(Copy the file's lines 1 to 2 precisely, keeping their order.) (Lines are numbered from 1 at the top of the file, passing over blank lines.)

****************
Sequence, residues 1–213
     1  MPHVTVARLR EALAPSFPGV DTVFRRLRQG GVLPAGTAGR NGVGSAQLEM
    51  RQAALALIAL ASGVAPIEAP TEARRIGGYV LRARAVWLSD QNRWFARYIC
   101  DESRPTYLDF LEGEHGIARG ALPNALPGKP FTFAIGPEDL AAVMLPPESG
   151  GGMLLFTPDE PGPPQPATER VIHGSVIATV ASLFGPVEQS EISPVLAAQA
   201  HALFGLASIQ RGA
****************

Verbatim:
Sequence, residues 1–213
     1  MPHVTVARLR EALAPSFPGV DTVFRRLRQG GVLPAGTAGR NGVGSAQLEM